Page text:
Tsoureki, plural Tsourekia, (pronounced TSOU-rhe-kee), is a slightly sweet Greek bread, similar to brioche, which is braided and made throughout the year. It is also part of our Easter and Christmas traditions.
Christos Anesti! Christos Anesti meaning Christ is risen is a greeting Orthodox Christians say during the whole period after Easter and until the Ascension of Christ to Heaven. In all liturgical services the Paschal troparion (hymn) of Christos Anesti is chanted during weddings, baptisms, funerals and this greeting is only used during the first time …
Kollyva, is a sweet dish prepared with boiled wheat berries, nuts, raisins, pomegranate and spices, which is taken to church to commemorate our deceased during funerals or memorials.
Kalikantzari, which are malevolent goblins, in Greek and Cypriot folklore tradition, get out of the depth of earth during the twelve days of Christmas.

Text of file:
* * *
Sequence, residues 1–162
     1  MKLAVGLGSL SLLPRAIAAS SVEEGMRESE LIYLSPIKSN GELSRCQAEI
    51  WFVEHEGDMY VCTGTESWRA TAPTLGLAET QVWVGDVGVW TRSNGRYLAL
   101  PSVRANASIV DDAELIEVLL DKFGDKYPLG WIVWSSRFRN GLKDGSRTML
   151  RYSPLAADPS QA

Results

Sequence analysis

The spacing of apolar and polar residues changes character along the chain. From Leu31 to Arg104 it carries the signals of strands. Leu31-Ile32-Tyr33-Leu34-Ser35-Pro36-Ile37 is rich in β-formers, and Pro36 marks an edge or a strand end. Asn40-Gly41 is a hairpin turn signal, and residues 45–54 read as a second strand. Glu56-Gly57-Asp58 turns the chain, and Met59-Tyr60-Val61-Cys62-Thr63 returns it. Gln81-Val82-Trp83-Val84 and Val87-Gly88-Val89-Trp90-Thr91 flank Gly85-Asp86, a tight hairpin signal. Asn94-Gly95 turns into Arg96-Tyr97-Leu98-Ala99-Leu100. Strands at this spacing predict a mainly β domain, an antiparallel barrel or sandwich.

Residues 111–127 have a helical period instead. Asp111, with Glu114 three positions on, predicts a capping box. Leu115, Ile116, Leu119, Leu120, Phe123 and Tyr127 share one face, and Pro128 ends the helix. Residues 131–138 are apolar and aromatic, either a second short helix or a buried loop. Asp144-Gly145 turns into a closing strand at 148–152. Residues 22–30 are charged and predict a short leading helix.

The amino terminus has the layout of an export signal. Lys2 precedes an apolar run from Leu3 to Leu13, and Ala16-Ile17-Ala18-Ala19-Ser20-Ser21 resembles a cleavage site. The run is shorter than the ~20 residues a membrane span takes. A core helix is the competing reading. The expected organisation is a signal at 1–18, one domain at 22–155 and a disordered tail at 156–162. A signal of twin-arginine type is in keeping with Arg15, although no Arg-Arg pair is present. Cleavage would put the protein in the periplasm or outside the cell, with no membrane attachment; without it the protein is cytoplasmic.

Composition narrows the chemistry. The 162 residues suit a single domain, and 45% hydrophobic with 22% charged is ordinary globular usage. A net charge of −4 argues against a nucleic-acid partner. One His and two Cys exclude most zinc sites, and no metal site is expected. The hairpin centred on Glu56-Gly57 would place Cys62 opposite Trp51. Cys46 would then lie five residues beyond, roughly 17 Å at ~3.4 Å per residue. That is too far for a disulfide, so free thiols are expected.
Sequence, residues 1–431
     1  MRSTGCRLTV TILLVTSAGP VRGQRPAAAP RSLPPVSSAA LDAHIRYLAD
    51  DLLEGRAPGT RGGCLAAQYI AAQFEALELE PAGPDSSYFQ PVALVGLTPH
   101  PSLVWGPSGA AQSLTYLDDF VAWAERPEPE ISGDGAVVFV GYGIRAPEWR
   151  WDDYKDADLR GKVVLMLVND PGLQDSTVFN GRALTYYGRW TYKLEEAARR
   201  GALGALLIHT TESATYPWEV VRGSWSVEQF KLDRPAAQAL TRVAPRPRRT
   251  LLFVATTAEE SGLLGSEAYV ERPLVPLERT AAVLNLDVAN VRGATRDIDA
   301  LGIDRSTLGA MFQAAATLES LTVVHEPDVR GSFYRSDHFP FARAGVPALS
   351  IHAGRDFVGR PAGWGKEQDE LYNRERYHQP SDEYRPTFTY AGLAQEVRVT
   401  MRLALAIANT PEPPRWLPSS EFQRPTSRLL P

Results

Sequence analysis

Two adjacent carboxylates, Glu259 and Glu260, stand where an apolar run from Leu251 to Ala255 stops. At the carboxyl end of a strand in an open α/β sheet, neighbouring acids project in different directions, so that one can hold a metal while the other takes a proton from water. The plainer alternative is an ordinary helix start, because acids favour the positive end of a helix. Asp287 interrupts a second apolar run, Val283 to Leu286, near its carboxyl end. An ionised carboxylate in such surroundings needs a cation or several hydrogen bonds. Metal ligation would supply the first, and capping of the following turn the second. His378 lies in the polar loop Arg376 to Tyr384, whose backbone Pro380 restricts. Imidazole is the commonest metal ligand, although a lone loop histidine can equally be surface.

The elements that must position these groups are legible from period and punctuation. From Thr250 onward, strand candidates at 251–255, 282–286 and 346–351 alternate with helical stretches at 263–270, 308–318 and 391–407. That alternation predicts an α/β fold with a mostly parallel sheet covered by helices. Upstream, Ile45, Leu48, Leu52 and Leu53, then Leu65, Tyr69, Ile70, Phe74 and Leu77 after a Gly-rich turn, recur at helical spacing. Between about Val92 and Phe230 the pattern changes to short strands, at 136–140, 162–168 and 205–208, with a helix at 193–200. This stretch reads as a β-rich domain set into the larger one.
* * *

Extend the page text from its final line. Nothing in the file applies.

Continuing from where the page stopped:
Spartiatika Loukanika are the famous Spartan Sausages, which are flavoured with orange and spices.
I have tried nearly all type of Greek and Cypriot sausages and not that I don’t like them all but these ones with orange flavour are my favourite.
Battered Bakaliaros (salted cod), in Greek “μπακαλιάρος”, is the traditional food we eat in Greece on the 25th of March.
Makarounotes Chylopites (or hilopites) are traditional Greek egg and milk pasta. They are either cut long like tagliatelle and fettuccine or in very small pieces of about 1 cm long which are ideal as a side dish or in soups. Makarounotes are the long ones, which take their name after the word “makaroni”, which is a description of the long pasta to distinguish them from the smaller ones.
Christopsomo, which translates as “Christ’s Bread”- pron. Christopsomo also named kouloúra tou Christoú (round bread of Christ), is usually a round loaf often made with the same ingredients as Easter bread. Raisins, nuts, cinnamon, cloves, and nutmeg are just a few of the taste treats found in this traditional sweet loaf.